But what if, as suggested this past weekend, we decide to break this predictable cycle and act unpredictably? What if we choose some part of the cycle described above that illustrates the patterned behavior and change it radically, like Rosa Parks or the DREAM Act students?

I can’t get this idea out of my mind. Social change will only happen if we choose boldly and radically to utterly alter our predictable behavior. So, the question naturally is, which part of the above cycle should we break? To break it will not be easy – let’s not kid ourselves. We have to be bold, we have to risk, and we HAVE to be committed. But if we truly are tired of this cycle and we really want change, I believe we have no other choice.

As I said before, we cannot sustain outrage – it’s just not possible. The only place to break our predictability and allow even the possibility for social change to break through is to choose to not get distracted. During the inevitable upcoming silence – the time when the outrage over the Charleston gun massacre/terrorist attack dies down, the media will go on to other stories and we are tempted with distractions, we instead choose to adopt practices that will build a movement so that the next time a gun massacre/terrorist attack occurs – and we can rest assured that it most certainly will – we will be prepared to respond powerfully with a new agenda that will create change and alter the national conversation in a significant way. We will be prepared because we have been preparing.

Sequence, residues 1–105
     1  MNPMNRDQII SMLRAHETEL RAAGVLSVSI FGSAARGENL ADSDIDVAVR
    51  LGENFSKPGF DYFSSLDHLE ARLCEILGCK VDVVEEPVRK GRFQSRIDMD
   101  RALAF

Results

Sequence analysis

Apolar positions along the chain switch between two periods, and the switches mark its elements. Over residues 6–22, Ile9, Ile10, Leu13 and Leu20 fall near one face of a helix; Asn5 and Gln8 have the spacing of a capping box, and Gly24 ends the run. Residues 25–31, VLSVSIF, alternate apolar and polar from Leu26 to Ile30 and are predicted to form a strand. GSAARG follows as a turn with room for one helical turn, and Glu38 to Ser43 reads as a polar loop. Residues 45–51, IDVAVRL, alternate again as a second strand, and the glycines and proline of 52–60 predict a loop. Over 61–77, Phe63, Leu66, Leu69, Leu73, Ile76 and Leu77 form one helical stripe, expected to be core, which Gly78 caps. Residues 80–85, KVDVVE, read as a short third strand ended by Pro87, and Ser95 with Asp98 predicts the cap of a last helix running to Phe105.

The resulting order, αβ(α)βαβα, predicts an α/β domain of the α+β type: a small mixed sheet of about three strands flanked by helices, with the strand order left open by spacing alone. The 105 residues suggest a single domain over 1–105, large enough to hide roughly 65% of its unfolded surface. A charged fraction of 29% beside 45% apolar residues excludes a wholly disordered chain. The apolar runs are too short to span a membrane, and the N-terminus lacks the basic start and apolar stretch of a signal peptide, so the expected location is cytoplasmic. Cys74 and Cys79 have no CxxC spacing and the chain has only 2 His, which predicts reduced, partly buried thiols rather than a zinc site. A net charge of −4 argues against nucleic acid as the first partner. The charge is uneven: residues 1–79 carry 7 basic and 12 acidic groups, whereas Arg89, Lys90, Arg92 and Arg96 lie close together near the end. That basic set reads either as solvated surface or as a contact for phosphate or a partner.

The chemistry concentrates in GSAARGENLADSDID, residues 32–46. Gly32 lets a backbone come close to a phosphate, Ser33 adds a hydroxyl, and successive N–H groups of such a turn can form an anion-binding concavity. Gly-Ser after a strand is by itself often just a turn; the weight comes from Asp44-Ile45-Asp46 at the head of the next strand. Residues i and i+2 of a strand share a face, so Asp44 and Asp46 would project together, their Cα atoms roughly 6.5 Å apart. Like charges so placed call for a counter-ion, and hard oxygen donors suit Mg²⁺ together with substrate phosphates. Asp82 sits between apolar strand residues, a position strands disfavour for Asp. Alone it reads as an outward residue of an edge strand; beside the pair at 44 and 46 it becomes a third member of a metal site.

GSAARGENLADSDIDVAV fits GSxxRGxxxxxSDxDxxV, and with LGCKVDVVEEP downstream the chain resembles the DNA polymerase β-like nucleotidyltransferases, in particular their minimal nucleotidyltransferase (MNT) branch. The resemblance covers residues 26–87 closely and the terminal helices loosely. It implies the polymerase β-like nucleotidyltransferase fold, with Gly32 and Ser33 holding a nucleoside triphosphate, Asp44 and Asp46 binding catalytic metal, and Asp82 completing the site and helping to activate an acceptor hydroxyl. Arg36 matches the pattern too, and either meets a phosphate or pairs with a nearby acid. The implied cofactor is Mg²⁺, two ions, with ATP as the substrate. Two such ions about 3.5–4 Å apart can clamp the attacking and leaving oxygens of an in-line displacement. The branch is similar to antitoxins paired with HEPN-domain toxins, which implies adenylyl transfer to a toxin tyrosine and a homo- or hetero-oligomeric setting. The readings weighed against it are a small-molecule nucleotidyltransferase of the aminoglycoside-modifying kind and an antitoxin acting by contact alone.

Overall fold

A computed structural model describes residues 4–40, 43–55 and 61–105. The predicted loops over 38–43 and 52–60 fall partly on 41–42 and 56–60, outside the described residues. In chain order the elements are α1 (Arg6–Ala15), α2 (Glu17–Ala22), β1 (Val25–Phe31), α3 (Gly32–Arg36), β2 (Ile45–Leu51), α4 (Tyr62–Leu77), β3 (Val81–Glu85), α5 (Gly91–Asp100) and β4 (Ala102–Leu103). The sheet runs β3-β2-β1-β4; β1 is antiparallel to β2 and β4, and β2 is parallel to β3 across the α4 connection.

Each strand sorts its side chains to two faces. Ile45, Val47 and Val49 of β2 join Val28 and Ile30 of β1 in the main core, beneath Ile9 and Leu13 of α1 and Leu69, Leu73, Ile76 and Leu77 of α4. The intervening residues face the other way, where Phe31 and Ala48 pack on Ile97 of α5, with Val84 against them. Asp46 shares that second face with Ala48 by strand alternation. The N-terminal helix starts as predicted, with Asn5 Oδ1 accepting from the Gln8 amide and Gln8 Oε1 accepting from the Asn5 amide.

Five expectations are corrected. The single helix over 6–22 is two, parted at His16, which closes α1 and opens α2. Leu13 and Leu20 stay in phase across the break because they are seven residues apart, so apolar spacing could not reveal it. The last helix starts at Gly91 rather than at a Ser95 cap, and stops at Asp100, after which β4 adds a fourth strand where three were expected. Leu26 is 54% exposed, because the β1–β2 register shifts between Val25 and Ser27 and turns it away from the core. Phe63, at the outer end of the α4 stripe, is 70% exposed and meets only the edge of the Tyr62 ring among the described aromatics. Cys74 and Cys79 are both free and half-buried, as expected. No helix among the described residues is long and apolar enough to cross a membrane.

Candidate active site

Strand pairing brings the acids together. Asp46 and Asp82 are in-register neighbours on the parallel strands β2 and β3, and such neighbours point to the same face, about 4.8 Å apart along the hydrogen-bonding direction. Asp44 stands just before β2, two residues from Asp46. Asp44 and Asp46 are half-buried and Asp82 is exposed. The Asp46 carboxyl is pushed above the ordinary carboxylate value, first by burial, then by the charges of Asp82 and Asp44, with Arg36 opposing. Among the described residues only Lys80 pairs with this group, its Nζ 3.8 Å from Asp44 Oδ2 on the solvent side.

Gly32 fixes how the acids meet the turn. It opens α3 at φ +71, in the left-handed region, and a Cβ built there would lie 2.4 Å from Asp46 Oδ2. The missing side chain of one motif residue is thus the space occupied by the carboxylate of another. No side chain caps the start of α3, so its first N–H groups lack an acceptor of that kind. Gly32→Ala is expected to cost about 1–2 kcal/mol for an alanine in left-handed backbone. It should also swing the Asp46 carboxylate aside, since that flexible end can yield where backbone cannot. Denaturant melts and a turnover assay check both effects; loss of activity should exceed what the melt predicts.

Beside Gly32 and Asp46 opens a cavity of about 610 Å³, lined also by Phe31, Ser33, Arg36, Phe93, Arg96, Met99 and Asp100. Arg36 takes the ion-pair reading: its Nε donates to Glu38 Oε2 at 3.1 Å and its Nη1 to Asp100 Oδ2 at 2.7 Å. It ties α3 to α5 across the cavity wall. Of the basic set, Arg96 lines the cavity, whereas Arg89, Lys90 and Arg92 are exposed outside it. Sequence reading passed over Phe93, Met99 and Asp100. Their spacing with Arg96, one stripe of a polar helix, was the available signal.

I would like to offer several practices that we should adopt immediately, even as the outrage will begin to fade away. Adopting these practices will build us individually and most importantly, corporately so that we will respond not with bewilderment and empty outrage, but with purpose, power and specific objectives in mind.

So, here are some steps that we should take if we are serious about ending gun violence:
  • Since gun violence is steeped in racism – consider not only this event, but the fact that so many people were (rightly) outraged by the gun massacre/terrorist attack at Newtown and yet so few have similar outrage when people of color are regularly killed by firearms every day in our urban centers throughout the country – those of us who are Anglo MUST enter into solidaristic or incarnational relationships with people of other races. This is more than inviting one person of color into our homes or congregations. This is instead us going to theirs. And it would not be a bad thing to first consider joining or creating solidaristic relationships with our brothers and sisters in AME churches. It all starts here.